- Physical activity will help keep your cat healthy. Muscles that aren't used grow weak, leaving the animal more susceptible to illness.
- Exercise wards off obesity, a widespread problem among cats as well as humans. A Cornell University follow-up to a landmark feline-obesity study found that about 25 percent of cats seen in U.S. veterinary practices were described as "heavy" or "obese." Their extra weight increased the cats' risk of such serious ailments as diabetes; lameness caused by joint diseases or muscle injury; and non-allergenic skin conditions, possibly caused by the cats' inability to groom themselves properly.
Mental and Social Benefits
- Active play teaches your cat social skills for relating to people and other animals.
- Regular activity can prevent or solve behavior problems by keeping your cat's mind occupied and allowing her to work off energy that she might otherwise use destructively around the house.
The Outdoor Cat
Cats that are allowed outdoors even part of the time usually manage to get sufficient exercise on their own. Running around the yard or garden, hunting prey such as birds and rodents, and climbing trees gives them a good workout. Of course, these benefits must be weighed against the dangers that cats face outdoors, such as cars and aggressive animals.
For cats, exercise equals play. Your cat can get her workout by engaging in either of two types of play, or a combination of both.
This type of play involves frolicking with other cats -- or with people. If you're able to keep more than one cat, you'll never have to give another thought to their exercise needs. Two or more cats will stay limber by chasing each other around the house and engaging in friendly wrestling matches. Without a feline companion, your cat will rely on you to be her playmate.
This form of play consists of chasing, batting at, and climbing into or over toys or other inanimate objects. If you join in, the object play will become social as well. Here are some common playthings that may amuse your cat and will provide valuable exercise:
- Toy fishing poles or "dancer" toys. These generally consist of a flexible rod, a string, and at the end of it, a feather or piece of fabric that bobs around, tempting the cat to chase it and bat at it.
- Small stuffed animals. These "mouse substitutes" allow your cat to exercise her prey-catching instincts. Make sure they are stuffed with something that won't harm your cat if she tears the covering with her teeth or claws. Toys stuffed with catnip are especially appealing.
- Scratching posts. Besides keeping your cat's claws in shape and off the furniture, a scratching post lets her exercise her entire upper body as she stretches her back and extends her legs to paw at the post.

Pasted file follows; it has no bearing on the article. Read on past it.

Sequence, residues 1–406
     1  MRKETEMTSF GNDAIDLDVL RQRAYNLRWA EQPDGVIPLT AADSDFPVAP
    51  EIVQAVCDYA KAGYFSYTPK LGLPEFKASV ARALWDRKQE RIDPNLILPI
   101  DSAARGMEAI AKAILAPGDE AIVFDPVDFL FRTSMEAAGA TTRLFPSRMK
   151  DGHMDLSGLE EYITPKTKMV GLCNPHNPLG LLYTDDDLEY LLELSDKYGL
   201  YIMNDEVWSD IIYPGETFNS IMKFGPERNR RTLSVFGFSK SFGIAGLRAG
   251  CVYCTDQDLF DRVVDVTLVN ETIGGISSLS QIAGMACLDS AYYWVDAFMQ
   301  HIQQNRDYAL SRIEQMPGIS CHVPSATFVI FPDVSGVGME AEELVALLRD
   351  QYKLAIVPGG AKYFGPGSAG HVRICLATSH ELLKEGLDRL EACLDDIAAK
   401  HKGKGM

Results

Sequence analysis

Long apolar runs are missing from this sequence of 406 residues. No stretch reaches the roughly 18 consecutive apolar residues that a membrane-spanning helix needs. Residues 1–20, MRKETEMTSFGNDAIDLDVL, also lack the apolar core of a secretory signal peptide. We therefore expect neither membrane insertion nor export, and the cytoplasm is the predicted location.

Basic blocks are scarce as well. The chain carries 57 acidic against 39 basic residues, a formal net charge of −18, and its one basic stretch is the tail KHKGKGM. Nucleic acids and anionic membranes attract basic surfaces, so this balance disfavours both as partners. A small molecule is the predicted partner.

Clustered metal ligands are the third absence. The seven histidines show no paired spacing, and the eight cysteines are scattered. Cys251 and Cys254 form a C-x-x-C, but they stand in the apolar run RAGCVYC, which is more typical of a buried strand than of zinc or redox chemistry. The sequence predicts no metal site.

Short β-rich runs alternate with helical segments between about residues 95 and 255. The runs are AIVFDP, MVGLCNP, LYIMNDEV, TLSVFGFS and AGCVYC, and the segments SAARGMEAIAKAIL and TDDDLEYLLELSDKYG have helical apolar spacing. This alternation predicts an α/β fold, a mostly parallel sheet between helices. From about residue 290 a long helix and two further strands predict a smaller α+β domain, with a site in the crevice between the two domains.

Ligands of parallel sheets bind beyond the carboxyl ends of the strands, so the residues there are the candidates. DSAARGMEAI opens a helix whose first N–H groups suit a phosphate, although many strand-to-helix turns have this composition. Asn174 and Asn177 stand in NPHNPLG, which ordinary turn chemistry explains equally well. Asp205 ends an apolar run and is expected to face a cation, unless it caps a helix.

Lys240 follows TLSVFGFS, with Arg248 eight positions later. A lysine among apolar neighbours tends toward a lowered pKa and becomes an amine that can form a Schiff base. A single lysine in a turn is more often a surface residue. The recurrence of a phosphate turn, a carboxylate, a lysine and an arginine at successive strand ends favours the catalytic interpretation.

- Feline furniture. "Kitty condos" and other small furnishings made especially for cats will give your pet ample opportunity to jump and climb. If you or another cat join in, they can also be the setting for a lively game of hide-and-seek or peek-a-boo. As a bonus, these may be covered in carpeting or sisal, providing an extra scratching surface for your cat.
- Boxes and bags. Like children, cats will often ignore elaborate toys and instead choose to play with the most mundane objects. Empty cardboard boxes can become favorite places to hide, climb, and play; so can empty shopping bags. For safety's sake, make sure any bag your cat plays with is big enough that she won't get stuck in it, and snip off the handles so there's no danger of strangulation.
Dogs typically get their exercise from a daily walk. Believe it or not, some cats -- though far from all -- also perk up at the sight and sound of a leash.
Leading Leash Candidates
Cats who walk willingly on a leash are generally introduced to the idea as kittens. In addition, some "doglike" breeds tend to be more amenable than others to wearing a leash. The most likely leash-wearers are:
- Russian Blue
- Colorpoint Shorthair
- Oriental Shorthair
Because cats have delicate necks, it's best to attach a leash to a harness that fits over the chest rather than to a collar. The harness should fit snugly but be loose enough for you to slip one finger under a strap.
- Start out indoors. Practice in the safe and familiar environs of your own home before taking your cat outside on a leash.
- Slip on the harness, attach the leash, and gently hold the leash while you follow your cat as she walks around.
- Treat it as a fun game, not a chore, and don't put any pressure on your pet. Praise and reward her for each successful leash session, but don't punish her if she doesn't like the leash. Cats will either take willingly to a leash or not. If your cat has no interest in being harnessed and taken for a stroll, don't force her -- drop the idea.
- Don't expect the leash to enable you to control your cat's movements, as it would with a dog. Even though you're holding the leash, your cat is actually walking you -- you're just following her lead. If you need to get her out of harm's way quickly, scoop her up and carry her.
- Don't expect to train your cat to eliminate outside while on the leash, as dogs do. The litter box is still a necessity; your walks are just for fun.